GOP Faces Angry Donors With No Legislative Wins Despite MajorityBy
RNC meets donors in Washington to talk midterm strategy Monday
Ten Democratic Senate seats are up in 2018 in states Trump won
The Republican National Committee will face a crowd of its major donors in Washington on Monday amid growing discontent that the party hasn’t won any significant legislative victories this year despite having majorities in the House and Senate.
Some donors -- citing the failure to repeal and replace the Affordable Care Act -- say the Senate Republicans are blowing a once-in-a-century chance to expand their majority.
"This is the best map Republicans have had going into an election in 100 years," said Dan K. Eberhart, chief executive officer of oilfield services firm Canary and Republican fundraiser. "I hate the idea of squandering this opportunity through a lack of legislative accomplishment."
There are 10 Senate Democrats defending seats in states that President Donald Trump won in November. Republicans, who now control 52 of the 100 Senate seats, can gain a filibuster-proof majority if they win eight more. But to do so, they’ll need some accomplishments to run on, said Larry Kawa, a Florida orthodontist and major fundraiser.
"Unless they do something on tax reform, I think they will be replaced by Democrats," Kawa said. Should they fail, Kawa says, Senate Republicans could be hard pressed to raise money. "All of the big donors are going to throw their hands in the air and say, ’Why am I going to support you?’"
Trump and Republican leaders announced a long-awaited tax plan Wednesday that would represent a major win this year if they’re able to turn it into law. The administration presented the plan one day after Senate leaders decided not to move forward with a vote on repealing Obamacare, one of the most central promises of Trump’s presidential campaign. But Trump has said that tax legislation has been his main focus.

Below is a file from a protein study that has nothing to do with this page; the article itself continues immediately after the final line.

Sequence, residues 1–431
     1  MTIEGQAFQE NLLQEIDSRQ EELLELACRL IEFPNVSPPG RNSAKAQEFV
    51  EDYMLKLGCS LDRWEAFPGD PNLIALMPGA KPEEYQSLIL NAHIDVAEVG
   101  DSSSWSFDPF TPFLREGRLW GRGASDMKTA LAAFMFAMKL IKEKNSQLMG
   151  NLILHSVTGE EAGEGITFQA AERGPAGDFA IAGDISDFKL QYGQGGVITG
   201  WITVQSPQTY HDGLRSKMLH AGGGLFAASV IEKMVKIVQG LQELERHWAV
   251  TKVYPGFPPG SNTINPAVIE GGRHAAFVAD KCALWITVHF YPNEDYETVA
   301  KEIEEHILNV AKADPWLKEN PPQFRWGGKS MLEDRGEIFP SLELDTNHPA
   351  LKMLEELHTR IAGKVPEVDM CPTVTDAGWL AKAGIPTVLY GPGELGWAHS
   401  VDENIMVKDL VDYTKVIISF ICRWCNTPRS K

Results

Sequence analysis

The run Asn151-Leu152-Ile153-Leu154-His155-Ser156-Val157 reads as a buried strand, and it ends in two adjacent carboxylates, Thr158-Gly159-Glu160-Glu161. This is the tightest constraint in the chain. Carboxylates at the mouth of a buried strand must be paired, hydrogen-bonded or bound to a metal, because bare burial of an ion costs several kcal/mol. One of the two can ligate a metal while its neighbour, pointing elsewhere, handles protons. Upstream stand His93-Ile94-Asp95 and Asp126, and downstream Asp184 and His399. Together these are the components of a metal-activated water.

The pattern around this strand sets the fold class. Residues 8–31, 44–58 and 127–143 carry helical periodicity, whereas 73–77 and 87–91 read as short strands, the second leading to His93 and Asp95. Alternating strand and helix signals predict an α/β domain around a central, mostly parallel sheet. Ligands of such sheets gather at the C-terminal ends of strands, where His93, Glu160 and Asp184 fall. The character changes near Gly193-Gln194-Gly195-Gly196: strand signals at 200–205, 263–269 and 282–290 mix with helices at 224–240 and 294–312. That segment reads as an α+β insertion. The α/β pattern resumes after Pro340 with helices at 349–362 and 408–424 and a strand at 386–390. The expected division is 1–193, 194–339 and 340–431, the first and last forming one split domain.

Some donors attending the RNC gala -- a two-day event starting Monday -- will visit the White House, according to a person who plans to attend the event. They’ll also receive briefings on the party’s mid-term strategy, including assessments of tight races and how their contributions will be used to help the party, the person said. Vice President Mike Pence is scheduled to be the keynote speaker, according to an invitation to the event.
“We’re looking forward to another great event and expect a strong turnout,” Cassie Smedile, a spokeswoman for the RNC, said in an email.
Eberhart is skipping the RNC event, but he did travel to Washington last week to tell National Republican Senatorial Committee officials of the anger he’s seeing. "It’s pretty much pinpointed with frustration in the donor base over the lack of progress with healthcare," he said.
Kawa agrees. "I’m not blaming Donald Trump on this one," he said. "Blame Congress."
Thus far, the RNC has raised far more money than the Democratic party. The RNC ended August with $48.5 million cash on hand, while the DNC had $6.8 million, according to Federal Election Commission records. But the NRSC has raised $3.2 million less than its Democratic counterpart.
The NRSC raised an average of $4.5 million a month in contributions through the end of June, around the time that Senators Rand Paul of Kentucky, Susan Collins of Maine, Dean Heller of Nevada, Mike Lee of Utah and Ron Johnson of Wisconsin all indicated they would vote against the health-care bill authored by Mitch McConnell, dooming it. The committee has averaged just $2 million a month since.
For seven years, Republicans campaigned on repealing Obamacare, raising hundreds of millions of dollars on their way to taking control of both chambers of Congress and the presidency. House Republicans passed a bill in May and celebrated at the White House Rose Garden with Trump, but their measure wasn’t acceptable to the Senate, which then was unable to agree on a plan of its own.
Foster Friess, who has given millions of dollars to support Republicans over the years, said he shares the frustration of other donors -- and voters -- with the Senate’s inability to move legislation, but doesn’t think that it will harm the party.
"I am hoping it will inspire Republicans to work harder to increase the number of Republicans in the Senate," Friess said, adding that people upset with GOP senators "must be convinced that more Republican senators are the answer and not ‘staying home’ in 2018 as some are now suggesting."
Eberhart thinks the Senate will have to show some results for that to happen. "I feel good about the Senate map and who we’ve recruited and who we’re running against," he said. "But it’s going to be a disaster if they go into the mid-terms with no demonstrable accomplishments."